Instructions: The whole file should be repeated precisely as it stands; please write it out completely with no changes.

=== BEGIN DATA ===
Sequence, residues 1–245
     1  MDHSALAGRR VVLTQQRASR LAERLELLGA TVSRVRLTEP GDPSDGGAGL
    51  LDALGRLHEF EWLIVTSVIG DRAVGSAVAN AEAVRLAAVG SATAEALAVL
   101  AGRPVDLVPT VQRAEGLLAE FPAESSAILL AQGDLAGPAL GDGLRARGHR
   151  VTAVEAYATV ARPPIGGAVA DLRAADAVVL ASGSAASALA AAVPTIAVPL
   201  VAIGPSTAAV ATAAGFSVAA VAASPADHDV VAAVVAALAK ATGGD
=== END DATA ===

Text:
Sequence, residues 1–245
     1  MDHSALAGRR VVLTQQRASR LAERLELLGA TVSRVRLTEP GDPSDGGAGL
    51  LDALGRLHEF EWLIVTSVIG DRAVGSAVAN AEAVRLAAVG SATAEALAVL
   101  AGRPVDLVPT VQRAEGLLAE FPAESSAILL AQGDLAGPAL GDGLRARGHR
   151  VTAVEAYATV ARPPIGGAVA DLRAADAVVL ASGSAASALA AAVPTIAVPL
   201  VAIGPSTAAV ATAAGFSVAA VAASPADHDV VAAVVAALAK ATGGD